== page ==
The Bloodhound SSC's attempt to shatter the world land speed record will apparently have the same carbon footprint as three and a half lactating cows, according to the projects engineering lead.
Interest has been high in the Bloodhound land speed record, with the team behind the famous Thrust SSC – which twice broke the record in 1997 – hoping that their efforts can inspire a new generation of engineers.
TechRadar took a look at the 1,000mph car's progress as part of Speed Week, in association with LG Optimus 2X, and found that one 10-mile Bloodhound run uses the same amount of energy required to light the Singapore Grand Prix night-event for 20 minutes.
- Read the feature: The 1,000mph car that can outrun a bullet
"That sounds like we're burning an awful lot of fuel," said Bloodhound SSC's engineering lead, James Painter.
"But we're not doing that many runs in total, and as a complete project the calculations are that we are the equivalent of three and a half lactating cows, in terms of the amount of greenhouse gasses that we'll be releasing."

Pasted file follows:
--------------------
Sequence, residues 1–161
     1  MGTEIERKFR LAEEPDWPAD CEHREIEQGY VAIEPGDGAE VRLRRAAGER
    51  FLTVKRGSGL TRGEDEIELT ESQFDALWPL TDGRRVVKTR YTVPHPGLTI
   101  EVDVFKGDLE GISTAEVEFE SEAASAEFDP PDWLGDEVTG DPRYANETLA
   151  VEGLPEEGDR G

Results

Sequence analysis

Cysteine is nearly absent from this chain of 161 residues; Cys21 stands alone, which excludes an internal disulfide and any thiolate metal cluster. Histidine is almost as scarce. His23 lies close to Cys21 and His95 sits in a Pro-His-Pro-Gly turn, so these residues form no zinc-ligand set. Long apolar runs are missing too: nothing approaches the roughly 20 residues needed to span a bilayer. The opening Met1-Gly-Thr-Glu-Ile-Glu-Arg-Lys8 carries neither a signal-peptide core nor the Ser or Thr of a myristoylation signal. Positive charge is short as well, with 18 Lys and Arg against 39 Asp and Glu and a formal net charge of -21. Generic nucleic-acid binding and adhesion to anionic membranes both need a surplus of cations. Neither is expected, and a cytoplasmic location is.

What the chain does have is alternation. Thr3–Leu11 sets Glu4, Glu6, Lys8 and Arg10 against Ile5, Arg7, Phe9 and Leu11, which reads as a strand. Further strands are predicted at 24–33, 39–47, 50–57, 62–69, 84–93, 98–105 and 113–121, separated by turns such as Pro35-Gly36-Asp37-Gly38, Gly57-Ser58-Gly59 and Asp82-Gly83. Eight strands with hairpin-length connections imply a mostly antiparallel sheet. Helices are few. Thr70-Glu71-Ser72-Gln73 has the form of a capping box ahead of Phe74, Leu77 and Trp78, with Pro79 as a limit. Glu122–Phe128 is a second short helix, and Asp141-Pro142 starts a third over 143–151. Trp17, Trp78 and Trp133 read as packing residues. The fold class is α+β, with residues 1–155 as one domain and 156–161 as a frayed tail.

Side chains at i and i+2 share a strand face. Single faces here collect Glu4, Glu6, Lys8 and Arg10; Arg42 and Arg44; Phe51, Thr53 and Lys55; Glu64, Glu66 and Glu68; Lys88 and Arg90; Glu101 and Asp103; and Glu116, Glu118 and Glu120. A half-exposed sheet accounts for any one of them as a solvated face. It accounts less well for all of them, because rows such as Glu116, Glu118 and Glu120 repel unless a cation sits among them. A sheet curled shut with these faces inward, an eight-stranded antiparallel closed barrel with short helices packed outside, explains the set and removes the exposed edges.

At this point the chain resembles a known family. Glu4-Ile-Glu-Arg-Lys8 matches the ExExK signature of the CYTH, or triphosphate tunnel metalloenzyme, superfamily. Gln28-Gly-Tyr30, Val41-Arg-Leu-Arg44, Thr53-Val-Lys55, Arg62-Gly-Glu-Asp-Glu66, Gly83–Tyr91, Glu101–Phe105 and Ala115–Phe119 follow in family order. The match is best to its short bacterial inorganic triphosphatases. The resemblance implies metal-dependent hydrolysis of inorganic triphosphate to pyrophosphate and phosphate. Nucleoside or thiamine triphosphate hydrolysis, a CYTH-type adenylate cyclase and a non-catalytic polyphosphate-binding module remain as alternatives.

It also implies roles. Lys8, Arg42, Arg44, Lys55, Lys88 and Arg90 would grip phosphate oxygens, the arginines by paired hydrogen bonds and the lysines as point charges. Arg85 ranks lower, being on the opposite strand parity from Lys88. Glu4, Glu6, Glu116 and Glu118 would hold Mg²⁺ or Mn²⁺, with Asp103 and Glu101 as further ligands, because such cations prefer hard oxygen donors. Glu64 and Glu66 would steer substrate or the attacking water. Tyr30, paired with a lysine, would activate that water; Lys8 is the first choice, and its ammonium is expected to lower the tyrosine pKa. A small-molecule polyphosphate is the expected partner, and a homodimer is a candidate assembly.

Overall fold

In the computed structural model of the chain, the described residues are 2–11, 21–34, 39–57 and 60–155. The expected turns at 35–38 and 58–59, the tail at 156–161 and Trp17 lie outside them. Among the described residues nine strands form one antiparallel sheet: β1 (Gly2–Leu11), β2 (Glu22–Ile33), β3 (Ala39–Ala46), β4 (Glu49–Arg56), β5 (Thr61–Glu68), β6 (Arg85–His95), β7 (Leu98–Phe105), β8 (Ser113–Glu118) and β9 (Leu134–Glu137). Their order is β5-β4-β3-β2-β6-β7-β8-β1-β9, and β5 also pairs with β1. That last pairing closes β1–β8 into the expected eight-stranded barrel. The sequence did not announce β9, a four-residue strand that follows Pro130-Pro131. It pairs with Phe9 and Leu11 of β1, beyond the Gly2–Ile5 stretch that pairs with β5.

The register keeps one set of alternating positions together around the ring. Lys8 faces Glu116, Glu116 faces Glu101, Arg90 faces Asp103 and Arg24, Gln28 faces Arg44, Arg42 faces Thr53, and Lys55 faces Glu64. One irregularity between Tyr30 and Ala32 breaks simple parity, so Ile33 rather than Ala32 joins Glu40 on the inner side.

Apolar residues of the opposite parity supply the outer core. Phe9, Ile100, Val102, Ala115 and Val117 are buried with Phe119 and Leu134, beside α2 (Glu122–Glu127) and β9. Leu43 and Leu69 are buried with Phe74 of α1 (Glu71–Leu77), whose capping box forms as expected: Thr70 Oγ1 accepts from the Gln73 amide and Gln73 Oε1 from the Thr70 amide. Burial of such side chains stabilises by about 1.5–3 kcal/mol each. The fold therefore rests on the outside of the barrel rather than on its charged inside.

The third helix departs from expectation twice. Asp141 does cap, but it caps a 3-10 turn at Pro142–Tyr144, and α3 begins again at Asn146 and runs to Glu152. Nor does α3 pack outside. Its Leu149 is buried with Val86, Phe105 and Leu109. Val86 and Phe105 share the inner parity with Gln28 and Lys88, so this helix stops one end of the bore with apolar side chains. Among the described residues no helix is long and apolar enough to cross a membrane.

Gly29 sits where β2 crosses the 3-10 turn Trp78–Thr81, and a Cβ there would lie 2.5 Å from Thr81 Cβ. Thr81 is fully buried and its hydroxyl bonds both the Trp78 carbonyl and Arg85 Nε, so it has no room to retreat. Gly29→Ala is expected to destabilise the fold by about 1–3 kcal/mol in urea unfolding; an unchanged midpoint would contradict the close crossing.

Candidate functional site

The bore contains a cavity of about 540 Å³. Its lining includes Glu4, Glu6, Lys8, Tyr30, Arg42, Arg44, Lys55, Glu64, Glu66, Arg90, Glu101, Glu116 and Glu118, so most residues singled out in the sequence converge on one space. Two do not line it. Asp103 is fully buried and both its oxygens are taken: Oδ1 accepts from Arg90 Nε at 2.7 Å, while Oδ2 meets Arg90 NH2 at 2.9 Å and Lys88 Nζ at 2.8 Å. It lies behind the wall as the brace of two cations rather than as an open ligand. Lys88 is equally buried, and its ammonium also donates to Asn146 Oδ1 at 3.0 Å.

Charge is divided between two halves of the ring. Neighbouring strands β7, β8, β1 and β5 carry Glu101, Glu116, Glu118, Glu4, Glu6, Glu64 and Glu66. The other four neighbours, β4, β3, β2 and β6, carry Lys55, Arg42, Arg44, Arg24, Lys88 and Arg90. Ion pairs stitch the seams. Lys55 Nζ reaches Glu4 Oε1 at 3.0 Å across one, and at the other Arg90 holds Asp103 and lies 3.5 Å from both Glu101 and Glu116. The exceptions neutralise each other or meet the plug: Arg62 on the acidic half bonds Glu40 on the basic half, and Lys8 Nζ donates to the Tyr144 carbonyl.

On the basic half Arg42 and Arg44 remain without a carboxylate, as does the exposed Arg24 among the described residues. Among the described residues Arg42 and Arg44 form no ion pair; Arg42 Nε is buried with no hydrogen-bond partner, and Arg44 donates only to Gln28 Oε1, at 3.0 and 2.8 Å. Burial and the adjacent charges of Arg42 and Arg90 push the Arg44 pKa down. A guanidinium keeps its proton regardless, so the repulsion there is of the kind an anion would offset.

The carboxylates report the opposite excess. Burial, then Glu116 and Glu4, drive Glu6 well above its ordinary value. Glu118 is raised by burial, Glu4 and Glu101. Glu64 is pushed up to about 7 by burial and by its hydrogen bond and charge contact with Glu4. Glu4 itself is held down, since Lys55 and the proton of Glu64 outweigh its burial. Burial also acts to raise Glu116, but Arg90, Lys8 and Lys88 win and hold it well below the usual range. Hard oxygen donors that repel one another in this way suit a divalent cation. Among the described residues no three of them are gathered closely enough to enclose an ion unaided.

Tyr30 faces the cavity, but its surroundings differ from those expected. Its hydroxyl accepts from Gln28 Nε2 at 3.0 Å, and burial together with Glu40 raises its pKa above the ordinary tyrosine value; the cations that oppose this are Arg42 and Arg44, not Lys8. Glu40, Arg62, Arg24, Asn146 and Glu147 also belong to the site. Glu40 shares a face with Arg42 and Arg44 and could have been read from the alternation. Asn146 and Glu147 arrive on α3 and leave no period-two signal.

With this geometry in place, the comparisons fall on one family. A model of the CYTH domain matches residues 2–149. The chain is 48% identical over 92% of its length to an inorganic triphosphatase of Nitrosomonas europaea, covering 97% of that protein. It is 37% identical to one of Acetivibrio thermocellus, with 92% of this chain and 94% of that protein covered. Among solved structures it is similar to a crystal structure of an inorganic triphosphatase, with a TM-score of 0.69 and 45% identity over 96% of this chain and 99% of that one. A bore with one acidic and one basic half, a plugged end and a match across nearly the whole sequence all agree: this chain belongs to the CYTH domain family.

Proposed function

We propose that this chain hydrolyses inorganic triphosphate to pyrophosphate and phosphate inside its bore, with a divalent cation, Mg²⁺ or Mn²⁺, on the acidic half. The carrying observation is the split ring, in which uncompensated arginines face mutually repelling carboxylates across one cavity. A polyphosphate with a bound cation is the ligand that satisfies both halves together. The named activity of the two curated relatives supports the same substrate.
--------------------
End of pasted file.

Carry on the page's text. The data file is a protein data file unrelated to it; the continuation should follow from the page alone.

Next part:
The project hopes to inspire, as well as hit the magic 1,000mph mark and break the land speed record.
"We're aiming to hit 1,000mph," concluded Painter. "But to be honest, if we hit 950 we'd be happy, as long as we hit all of our educational objectives as well.
"That side of things is just as important to us as breaking the record, because we want the next generation of kids to be inspired by Bloodhound SSC, rather than be intimidated by it."